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Planning For Your Virtual Estate

| March 29, 2017
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 Taking the time to properly plan for your virtual estate has never been more important than it is today. Just think about your digital footprint for a second. What comes to mind? I feel like most would likely think of social media sites like Facebook, Twitter, Instagram, and LinkedIn based on the amount of time spent on them. However, think about how bills are paid, where priceless family videos and pictures are stored, and where other valuable information such as tax returns and emails are stored.   When creating an estate-plan, it is easy to underestimate the breadth of your digital foot print.

So, what happens to these assets in the event of your death? What would happen if you were incapacitated due to dementia or Alzheimer’s?

If you haven’t even given this a second thought, don’t feel bad. Most haven’t. In fact, only recently has the concept of planning for digital assets really become something that most attorneys and financial planners even include in their standard set of services. So, take a deep breath and relax, I’ll tell you what you need to consider when developing a plan.

Importance of Planning

Following are some common issues a proper plan can address at death or disability:

  • No Access - if heirs do not know usernames or passwords, access to various accounts may be next to impossible.
  • Financial Loss - without access to, or even the awareness of, online accounts the individual or their estate may suffer losses due to failure to pay online bills. For example, the home insurance policy may lapse, which can cause a lapse in coverage. In addition, utilities could be shut off, which may cause additional, unintended damages. For example, if the power is shut off and the furnace isn’t running, this may cause pipes to freeze and subsequently burst.
  • Priceless Family Heirlooms - the frustration and emotion that an heir would feel if they could not access priceless family photos or videos of their loved one would be immense. Over time, this would probably leave the greatest emotional scar.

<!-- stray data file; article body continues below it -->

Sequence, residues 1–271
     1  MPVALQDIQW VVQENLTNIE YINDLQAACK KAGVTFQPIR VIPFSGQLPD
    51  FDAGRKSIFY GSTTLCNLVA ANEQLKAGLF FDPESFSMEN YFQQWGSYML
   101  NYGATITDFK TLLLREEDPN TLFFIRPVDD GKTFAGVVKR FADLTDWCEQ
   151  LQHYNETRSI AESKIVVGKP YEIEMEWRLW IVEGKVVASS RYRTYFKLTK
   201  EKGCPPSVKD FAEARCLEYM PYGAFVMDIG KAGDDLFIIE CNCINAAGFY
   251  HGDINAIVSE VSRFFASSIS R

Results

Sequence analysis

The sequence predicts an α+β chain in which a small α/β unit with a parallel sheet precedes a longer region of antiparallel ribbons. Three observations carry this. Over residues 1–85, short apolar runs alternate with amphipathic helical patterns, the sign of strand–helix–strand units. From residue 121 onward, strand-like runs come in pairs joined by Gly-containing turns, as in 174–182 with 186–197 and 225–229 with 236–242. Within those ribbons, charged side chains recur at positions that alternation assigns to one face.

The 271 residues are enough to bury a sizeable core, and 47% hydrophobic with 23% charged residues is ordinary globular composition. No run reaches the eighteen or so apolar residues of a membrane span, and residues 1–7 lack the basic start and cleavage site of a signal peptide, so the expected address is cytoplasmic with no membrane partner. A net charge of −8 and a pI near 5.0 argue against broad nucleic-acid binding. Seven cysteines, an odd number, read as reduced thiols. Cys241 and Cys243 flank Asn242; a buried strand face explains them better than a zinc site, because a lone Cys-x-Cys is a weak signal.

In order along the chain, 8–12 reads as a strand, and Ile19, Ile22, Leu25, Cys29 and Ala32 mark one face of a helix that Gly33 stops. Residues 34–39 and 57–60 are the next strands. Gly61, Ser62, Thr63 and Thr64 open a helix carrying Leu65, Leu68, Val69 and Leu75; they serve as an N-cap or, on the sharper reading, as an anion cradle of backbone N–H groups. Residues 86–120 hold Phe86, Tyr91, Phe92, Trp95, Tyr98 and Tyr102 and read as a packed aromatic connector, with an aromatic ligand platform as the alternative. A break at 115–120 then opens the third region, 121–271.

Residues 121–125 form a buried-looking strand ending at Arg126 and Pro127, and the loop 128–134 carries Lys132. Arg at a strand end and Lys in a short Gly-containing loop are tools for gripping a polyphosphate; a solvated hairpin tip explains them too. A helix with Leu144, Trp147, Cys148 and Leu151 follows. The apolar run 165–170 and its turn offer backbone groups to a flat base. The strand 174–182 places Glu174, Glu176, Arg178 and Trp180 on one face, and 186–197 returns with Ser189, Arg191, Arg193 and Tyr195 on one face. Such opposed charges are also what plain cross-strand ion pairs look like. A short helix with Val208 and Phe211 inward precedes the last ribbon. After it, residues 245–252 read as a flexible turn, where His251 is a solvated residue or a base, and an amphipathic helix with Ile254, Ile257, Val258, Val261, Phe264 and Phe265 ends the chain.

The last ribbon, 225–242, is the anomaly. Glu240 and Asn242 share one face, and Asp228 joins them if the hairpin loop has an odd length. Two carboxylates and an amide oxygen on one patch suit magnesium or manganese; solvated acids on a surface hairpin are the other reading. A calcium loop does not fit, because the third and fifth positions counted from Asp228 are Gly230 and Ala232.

The Problem

Right now, we’re living in a time where the law is feverishly trying to catch up with technology. I’d probably liken it to a comparison between a fax machine and a new iPhone. That’s how far behind Johnny law is and tech surely isn’t slowing down.

Here’s the core issue. When we sign up for an online account or service, we need to complete a Terms of Service Agreement.   We’re all too familiar. It’s that jumble of words we generally click on without thinking twice. I will admit, I’m not scrutinizing these either. Let’s be honest, if it’s a service we need now, the possibility of some potential trouble at our death is not going to stop us from obtaining that service, right?

Anyway, built into these “click-wrap” agreements are provisions pertaining to what would happen to the account at the owner’s death. Generally, these state that only the account owner shall have legal access. Therefore, under current federal law, it may be a criminal act if an unauthorized user gains access to the account, causing a violation of the Terms of Service Agreement. Keep in mind, these “click-wrap” agreements have historically been upheld in courts.

So, this can be pretty scary stuff for a son or daughter trying to go through mom or dad’s things.


For most of us, our digital assets are both financially and emotionally valuable. Therefore, it makes sense to take the time to develop a proper plan.

As I mentioned, the law is still trying to play catch up to technology and is continuously changing so I strongly recommended discussing this in greater detail with your attorney.

However, here are some common strategies that can be implemented.

  • Durable Power of Attorney - this can be used to authorize an agent to obtain access to your digital accounts. This appointed individual is generally able to step in and manage your affairs.
  • Create an Online Inventory List - I would recommend creating a comprehensive listing of all websites, usernames, and passwords. Now, you could do one master list or break this up into two listings based on financially sensitive and non-financially sensitive criteria.
    • Financially sensitive - you will want to keep this listing safe and secure, but in a location where it can be accessed by an authorized user. For example, you can save it to a password protected thumb-drive or keep the document in the same location as your Will, trust, and/or power of attorney documents.
    • Non-Financially sensitive - this listing can be kept in an easy to find place or even be shared with individuals during your lifetime to ensure access will not be an issue.
  • Do NOT Include in your Will - your Will is going to be filed and public record, so you do not want this information made public.

Alexander P. Kowerko, CFP®, ChFC®, CLU®, FLMI® is a contributing author to the blog. For the past 7 years, he has held a Senior Advanced Planner position where he is responsible for developing comprehensive financial plans for clients.

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